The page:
Thursday, April 25, 2019

Greek Royal Children's Court Ball

The little girls are led out by the officers... – The invitations signed by the Prime Minister read as follows: “Their Majesties, the King and Queen of the Hellenes have requested the presence of at the palace on the day of this month.” 

















The Baby Ball at Athens
Attended by Children Invited by the King and Queen.
A Night at the Royal Palace – How the Ball is Conducted 
– 
Little Princes and Princesses

The greatest event in the life of a little Greek girl is the Children’s Court Ball which takes place at the Royal Palace in Athens every year in the Autumn. Of course little boys also attend this Ball, but they do not have as good a time as the girls for reasons which I will presently explain. About three hundred children make their debut at this grand affair every year, the average age for their first appearance being ten years, although I have seen little girls there as young as eight. These newcomers, however, are not the only children present for those who have attended in previous years are allowed to go again until they become big girls and boys, in fact until they are quite grown up. So highly do they prize this privilege of dancing before the King and Queen that young ladies of twenty do not scorn to be seen on the floor with their little brothers and sisters. No little Athenian girl or boy may be present at this Ball except on an invitation addressed personally by the Prime Minister. And this honor is reserved for the children of distinguished families and those whose parents belong to the diplomatic circle. 


Great is the excitement, therefore, among these ten year old young ladies and young gentlemen of Athens as the time approaches for the invitations to be sent out. Many are the eager faces at the doors and windows of Athenian homes watching for the mounted soldier in green and red uniform, whose mission it is to distribute the precious missives. These are engraved in French, on square cream-colored cards enclosed in envelopes bearing the large red government seal. The invitations signed by the Prime Minister read as follows: “Their Majesties, the King and Queen of the Hellenes have requested the presence of at the palace on the day of this month.” I shall never forget the day when my invitation came, and how my heart beat as the soldier drew up his big black horse in front of the American Consulate where I was living. I can still see him taking the paper from his knapsack —the paper that had my name inside, and I remember how imposing he looked with his chin held in the strap from his cap, and his long sword at his side. I was just eleven years old.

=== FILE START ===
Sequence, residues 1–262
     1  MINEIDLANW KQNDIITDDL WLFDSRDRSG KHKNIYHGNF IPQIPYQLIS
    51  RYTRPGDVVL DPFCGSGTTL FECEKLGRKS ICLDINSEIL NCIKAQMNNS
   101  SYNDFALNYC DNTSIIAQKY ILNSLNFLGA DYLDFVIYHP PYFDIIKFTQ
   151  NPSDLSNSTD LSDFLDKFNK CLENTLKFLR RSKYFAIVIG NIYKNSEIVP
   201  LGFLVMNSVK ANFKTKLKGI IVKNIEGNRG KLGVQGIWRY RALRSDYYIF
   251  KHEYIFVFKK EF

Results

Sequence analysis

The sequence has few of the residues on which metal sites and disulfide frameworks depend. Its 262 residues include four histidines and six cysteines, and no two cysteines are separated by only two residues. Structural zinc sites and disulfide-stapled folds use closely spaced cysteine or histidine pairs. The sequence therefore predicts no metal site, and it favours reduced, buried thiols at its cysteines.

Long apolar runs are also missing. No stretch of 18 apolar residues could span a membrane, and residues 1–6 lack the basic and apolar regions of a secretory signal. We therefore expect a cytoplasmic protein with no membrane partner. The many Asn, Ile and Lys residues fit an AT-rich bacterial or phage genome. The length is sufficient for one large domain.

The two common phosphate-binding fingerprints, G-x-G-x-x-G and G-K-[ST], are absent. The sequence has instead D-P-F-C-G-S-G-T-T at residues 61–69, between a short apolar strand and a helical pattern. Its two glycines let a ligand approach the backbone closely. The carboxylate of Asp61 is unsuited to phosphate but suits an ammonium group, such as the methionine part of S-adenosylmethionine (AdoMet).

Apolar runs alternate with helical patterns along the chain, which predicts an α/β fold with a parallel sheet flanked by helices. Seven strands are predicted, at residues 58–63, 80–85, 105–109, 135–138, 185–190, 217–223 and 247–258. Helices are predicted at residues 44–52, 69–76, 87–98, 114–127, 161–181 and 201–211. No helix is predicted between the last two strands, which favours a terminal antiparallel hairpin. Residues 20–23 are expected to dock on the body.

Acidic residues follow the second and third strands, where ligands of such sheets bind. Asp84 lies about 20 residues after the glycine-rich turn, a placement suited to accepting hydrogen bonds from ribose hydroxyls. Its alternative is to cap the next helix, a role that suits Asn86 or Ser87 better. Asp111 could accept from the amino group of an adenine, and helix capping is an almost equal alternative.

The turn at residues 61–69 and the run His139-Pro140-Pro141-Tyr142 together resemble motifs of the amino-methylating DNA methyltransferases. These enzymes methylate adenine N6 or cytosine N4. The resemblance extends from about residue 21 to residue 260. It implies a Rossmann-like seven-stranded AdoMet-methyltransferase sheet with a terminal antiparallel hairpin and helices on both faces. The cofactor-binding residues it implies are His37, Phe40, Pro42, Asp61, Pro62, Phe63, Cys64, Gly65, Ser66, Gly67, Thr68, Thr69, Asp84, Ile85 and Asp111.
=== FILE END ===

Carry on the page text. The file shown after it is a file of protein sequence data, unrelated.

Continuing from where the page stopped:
The etiquette of the court is very strict about dress, and the girls’ costumes are carefully prepared sometimes for weeks in advance. The frocks are of white silk or satin covered with lace, the skirt reaching to the knees. The waist is cut low with short sleeves, and with these are worn long silk mits to match the sash and stockings. The hair is usually worn flowing loosely down the back, or knotted with a bow of ribbon. All Greek children wear a tiny chain around the neck with some medal given them at their baptism. This, and a few bracelets are the only trinkets that may be worn at the Children’s Ball. All the girls wear little bronze dancing shoes strapped up over the ankles, just allowing the stockings to bs seen. An odd feature of the ball is that the children never carry flowers the costume for the boys is more easily disposed of as most of them attend either military or naval schools, and simply wear their full dress uniforms.


The Ball always takes place on a Sunday evening, this being a gala day in Athens, and by eight o'clock a long line of carriages fillet with children and their mothers or chaperons is drawn up in front of the King's palace. The palace stands in the heart of the city, and is a large white marble building not very imposing, but placed in the midst of beautiful gardens. At the door, a gorgeous flunky receives the children and escorts them into an ante-room, where two of the Queen‘s Maids of Honor inspect the little Debutantes. This is merely a matter of form, for it rarely happens that any one of the little girls receives anything more severe than a smile of encouragement. 


I was a little frightened as we entered the palace and was surprised to see the self-possession shown by most of the Greek children. I suppose they were more accustomed than I to the idea of being ushered in before a genuine King and Queen. The large Ballroom used on this occasion is in the interior of the palace. It is an immense room with a ceiling like the dome of a cathedral. The walls are beautifully frescoed, and long gallery runs the entire length of the sides. At one end is a raised platform on which, as we came in, were seated the Royal family, conversing with various ambassadors in full dress... to be continued – Mabel Moffett for Los Angeles Herald, 1895


Etiquette Enthusiast, Maura J Graber, is the Site Editor for the Etiquipedia© Etiquette Encyclopedia 

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